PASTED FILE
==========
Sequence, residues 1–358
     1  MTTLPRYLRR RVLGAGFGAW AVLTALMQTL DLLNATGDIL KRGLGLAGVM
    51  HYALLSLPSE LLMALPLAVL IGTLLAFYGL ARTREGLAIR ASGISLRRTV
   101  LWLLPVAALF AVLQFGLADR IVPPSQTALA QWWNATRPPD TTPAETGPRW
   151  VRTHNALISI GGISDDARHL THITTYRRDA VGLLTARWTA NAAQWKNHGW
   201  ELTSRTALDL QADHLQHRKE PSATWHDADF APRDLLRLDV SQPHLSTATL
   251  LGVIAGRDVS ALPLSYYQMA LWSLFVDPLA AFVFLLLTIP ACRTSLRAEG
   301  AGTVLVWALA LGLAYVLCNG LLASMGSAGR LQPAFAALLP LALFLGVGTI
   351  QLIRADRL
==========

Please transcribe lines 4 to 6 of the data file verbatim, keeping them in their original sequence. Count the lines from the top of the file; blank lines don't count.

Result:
   101  LWLLPVAALF AVLQFGLADR IVPPSQTALA QWWNATRPPD TTPAETGPRW
   151  VRTHNALISI GGISDDARHL THITTYRRDA VGLLTARWTA NAAQWKNHGW
   201  ELTSRTALDL QADHLQHRKE PSATWHDADF APRDLLRLDV SQPHLSTATL